Squid Game ran away with three SAG Awards Sunday night, making it the most-awarded media of the entire show. Lead actors Lee Jung-jae and Jung Ho-yeon won for their individual performances, and the ensemble stunt work in the show also snagged an Actor.
The Screen Actors Guild annual awards show exists as a union-backed show which highlights outstanding achievements in acting. The SAG awards are voted on by 2100 randomly-selected members of the SAG-AFTRA union, and Actor wins are generally considered an indicator of Academy Award winners, announced at the end of March.
CODA came through as an underdog winner in the film category, making history as the first d/Deaf and disabled cast to get nominated. CODA actor Troy Kotsur won the first best supporting actor award, the first Actor awarded to a deaf person, ever, not just in an individual category.
And then, Squid Game came up and won…three times. Which is pretty remarkable because the makeup of SAG-AFTRA is primarily U.S.-based, and the flashy, ultra-violent, and deeply Korean production might not have hit with the majority of the voters. In fact, Squid Game is the first Korean television show and the first foreign-language series to win Actors at the SAG awards. The fact that Squid Game not only won, but won big, marks yet another turning point among voting audiences.
The door that Bong Joon-ho opened with Parasite’s historic Best Feature win at the Academy Awards in 2021 has truly been knocked down, as Korean films establish themselves as media contenders, cementing South Korean cultural imports as mainstays of the future. I mean, most Zoomers or Millennials out there have at least heard of BTS.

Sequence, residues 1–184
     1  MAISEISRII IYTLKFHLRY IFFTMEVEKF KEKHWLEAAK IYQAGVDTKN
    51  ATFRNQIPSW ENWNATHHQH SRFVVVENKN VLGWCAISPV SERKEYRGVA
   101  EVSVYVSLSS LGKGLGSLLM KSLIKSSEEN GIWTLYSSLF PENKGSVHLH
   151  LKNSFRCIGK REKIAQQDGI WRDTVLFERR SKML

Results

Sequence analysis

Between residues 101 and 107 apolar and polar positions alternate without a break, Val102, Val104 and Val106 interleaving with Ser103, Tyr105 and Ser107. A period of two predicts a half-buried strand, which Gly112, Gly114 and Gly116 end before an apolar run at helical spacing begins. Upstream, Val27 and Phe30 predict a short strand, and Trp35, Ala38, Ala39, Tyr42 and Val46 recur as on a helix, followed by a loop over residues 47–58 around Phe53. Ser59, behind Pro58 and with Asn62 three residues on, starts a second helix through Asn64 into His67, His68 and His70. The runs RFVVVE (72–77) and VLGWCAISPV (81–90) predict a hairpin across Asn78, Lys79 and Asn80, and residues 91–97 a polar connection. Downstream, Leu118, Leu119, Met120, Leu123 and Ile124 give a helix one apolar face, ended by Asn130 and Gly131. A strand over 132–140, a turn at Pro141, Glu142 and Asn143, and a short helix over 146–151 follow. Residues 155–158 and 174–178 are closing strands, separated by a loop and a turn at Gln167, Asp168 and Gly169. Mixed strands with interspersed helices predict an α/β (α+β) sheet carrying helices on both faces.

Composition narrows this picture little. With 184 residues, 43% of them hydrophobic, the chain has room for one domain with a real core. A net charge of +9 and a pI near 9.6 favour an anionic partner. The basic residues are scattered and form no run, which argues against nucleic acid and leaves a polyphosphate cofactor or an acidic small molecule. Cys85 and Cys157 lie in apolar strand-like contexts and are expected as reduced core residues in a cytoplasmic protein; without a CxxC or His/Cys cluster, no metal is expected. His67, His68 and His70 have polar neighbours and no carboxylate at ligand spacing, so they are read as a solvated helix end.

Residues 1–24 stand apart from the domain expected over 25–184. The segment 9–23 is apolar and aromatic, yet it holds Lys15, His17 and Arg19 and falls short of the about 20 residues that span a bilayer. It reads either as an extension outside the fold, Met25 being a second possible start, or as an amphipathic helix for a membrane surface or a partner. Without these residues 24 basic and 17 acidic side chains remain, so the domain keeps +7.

But just because Squid Game won, doesn’t mean that there’s going to be a new surge of K-Drama entries into U.S-based awards shows. Netflix was able to enter Squid Game into the union’s awards show because they funded a significant portion of the show, and then handed over creative control to creator Hwang Dong-hyuk, who crafted a deeply Korean masterpiece. However, it’s because of Netflix’s involvement that Squid Game falls into an in-between area where it is both a domestically funded and internationally produced film, making it eligible for both the domestic and international Emmys. (But as Variety reports, double-dipping rules prevent it from entering to win both awards.)
It’ll be worth watching how Netflix handles awards for All of Us Are Dead, its newest hyperviolent, critically-acclaimed K-Drama, later in the year. While it hasn’t reached the kind of impact that Squid Game has (a tall order, considering Squid Game is the most watched Netflix show of all time,) All of Us Are Dead will be a better indicator of how K-Dramas will present themselves at American awards shows.
Regardless, Squid Game has proven that there is a desire for international–and specifically Korean–sensibilities in television. And considering that both Lee Jung-jae and Jung Ho-yeon were matched up against the actors of Succession, a powerful dramatic contender that showcased the failings of the American dream through gritty realism and backroom politics, it seems like there is room across the board for more diverse and absurdist stories in the American media landscape.